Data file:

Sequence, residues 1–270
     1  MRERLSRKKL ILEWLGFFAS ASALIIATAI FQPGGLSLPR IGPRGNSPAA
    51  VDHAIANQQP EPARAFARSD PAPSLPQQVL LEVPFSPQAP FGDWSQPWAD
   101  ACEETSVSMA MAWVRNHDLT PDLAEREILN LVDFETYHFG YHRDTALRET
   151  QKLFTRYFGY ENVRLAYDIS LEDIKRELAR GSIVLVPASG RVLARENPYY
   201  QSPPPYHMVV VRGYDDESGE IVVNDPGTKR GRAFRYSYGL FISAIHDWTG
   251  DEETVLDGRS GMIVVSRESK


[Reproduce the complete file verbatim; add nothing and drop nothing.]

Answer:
Sequence, residues 1–270
     1  MRERLSRKKL ILEWLGFFAS ASALIIATAI FQPGGLSLPR IGPRGNSPAA
    51  VDHAIANQQP EPARAFARSD PAPSLPQQVL LEVPFSPQAP FGDWSQPWAD
   101  ACEETSVSMA MAWVRNHDLT PDLAEREILN LVDFETYHFG YHRDTALRET
   151  QKLFTRYFGY ENVRLAYDIS LEDIKRELAR GSIVLVPASG RVLARENPYY
   201  QSPPPYHMVV VRGYDDESGE IVVNDPGTKR GRAFRYSYGL FISAIHDWTG
   251  DEETVLDGRS GMIVVSRESK